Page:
Monday, 12 October 2009

Research - title sequences

To Kill a Mockingbird;
I like this title sequence, when you actually see the title, and the drawing within it is interesting and creative, other than that it's quite boring with sad music.

John Carpenter's Halloween title sequence is really simple and minimal, yet the themes and genre are instantly connoted. None of the characters are introduced to us, which in it's own way creates even more suspense...
The use of the orange text, turning to red, is dark and sinister. The sequence uses the icon of the pumpkin, the symbol of the childrens holiday tradition, yet somehow connoting a truly eerie, chilling thing. It's something which is supposed to be innocent and normal, and not at all threatening, but turns out to be the sinister being, reflecting the plot itself.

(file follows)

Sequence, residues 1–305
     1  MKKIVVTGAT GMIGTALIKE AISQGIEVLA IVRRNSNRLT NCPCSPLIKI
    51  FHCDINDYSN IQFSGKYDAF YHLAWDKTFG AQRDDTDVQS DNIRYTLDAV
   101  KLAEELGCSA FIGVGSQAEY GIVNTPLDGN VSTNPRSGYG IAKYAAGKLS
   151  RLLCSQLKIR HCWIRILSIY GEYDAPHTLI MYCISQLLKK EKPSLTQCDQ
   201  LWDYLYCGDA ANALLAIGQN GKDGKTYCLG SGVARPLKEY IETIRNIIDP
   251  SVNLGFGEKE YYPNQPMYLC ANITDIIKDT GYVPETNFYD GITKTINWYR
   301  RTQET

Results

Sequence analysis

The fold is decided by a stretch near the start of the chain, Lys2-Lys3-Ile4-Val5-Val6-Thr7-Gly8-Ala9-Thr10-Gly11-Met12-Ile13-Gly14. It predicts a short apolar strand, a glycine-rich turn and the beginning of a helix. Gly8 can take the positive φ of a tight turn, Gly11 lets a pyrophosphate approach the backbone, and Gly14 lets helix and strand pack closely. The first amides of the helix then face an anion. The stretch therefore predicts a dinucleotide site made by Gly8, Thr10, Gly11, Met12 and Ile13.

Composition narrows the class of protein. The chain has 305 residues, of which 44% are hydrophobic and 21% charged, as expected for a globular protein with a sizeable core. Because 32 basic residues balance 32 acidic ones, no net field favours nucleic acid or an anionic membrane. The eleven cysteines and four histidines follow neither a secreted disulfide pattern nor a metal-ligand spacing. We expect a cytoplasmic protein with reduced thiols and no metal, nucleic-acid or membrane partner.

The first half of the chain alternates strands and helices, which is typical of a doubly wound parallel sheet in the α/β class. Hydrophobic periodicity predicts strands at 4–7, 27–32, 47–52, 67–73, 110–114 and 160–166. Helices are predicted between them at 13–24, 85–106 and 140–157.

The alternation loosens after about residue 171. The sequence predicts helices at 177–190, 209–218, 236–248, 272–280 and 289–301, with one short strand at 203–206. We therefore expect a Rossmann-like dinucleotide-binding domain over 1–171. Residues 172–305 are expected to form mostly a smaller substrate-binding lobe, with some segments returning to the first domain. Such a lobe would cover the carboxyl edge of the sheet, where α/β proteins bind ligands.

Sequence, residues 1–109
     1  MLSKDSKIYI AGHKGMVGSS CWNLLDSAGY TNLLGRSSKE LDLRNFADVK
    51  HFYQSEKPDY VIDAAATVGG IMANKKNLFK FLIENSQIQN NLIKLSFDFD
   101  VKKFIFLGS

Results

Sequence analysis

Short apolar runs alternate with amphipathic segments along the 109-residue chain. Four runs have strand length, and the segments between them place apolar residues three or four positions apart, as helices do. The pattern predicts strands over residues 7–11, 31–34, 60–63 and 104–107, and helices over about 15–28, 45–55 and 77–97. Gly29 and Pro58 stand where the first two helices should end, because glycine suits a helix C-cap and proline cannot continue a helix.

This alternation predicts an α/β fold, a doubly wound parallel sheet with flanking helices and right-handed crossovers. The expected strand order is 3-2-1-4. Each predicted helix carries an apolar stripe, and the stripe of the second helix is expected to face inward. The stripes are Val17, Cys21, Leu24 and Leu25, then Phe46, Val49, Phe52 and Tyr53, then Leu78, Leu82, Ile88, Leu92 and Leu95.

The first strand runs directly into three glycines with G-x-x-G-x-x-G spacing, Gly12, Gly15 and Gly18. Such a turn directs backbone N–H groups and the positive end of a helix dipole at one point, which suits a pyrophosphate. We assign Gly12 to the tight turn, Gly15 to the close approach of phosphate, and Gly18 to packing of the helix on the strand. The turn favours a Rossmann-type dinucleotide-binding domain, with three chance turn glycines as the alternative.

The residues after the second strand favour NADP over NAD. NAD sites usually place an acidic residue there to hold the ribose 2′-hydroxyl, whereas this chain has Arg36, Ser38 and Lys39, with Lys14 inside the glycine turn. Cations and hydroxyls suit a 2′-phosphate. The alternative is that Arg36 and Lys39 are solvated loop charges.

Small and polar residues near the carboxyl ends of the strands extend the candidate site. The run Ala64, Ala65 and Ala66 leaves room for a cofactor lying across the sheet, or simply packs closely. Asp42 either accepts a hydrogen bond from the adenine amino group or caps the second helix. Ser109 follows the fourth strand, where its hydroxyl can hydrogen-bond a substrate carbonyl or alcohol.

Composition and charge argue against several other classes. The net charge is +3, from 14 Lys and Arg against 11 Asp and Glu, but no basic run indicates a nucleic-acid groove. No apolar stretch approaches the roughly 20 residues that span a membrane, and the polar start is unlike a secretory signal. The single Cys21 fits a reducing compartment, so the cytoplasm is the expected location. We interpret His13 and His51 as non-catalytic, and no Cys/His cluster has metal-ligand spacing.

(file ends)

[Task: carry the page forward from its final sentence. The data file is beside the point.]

We're not let in on the setting but from the theme of Halloween, we, the audience, gather that it's a suburban location, as in normal American culture where Halloween is celebrated.
An obvious horror flick, right from the start, with little effort needed.

A brief analysis of the title sequences from Quentin Tarantino's Kill Bill films; The characters are introduced to us with their names and code-names. Tarantino uses low angles, a certain style you see in his crime/action films. Although the genre isn't straight-forward and simple, and isn't clear from the title sequence, the action genre is connoted from the kinds of shots, with men in positions of fighting?

No comments:

Post a Comment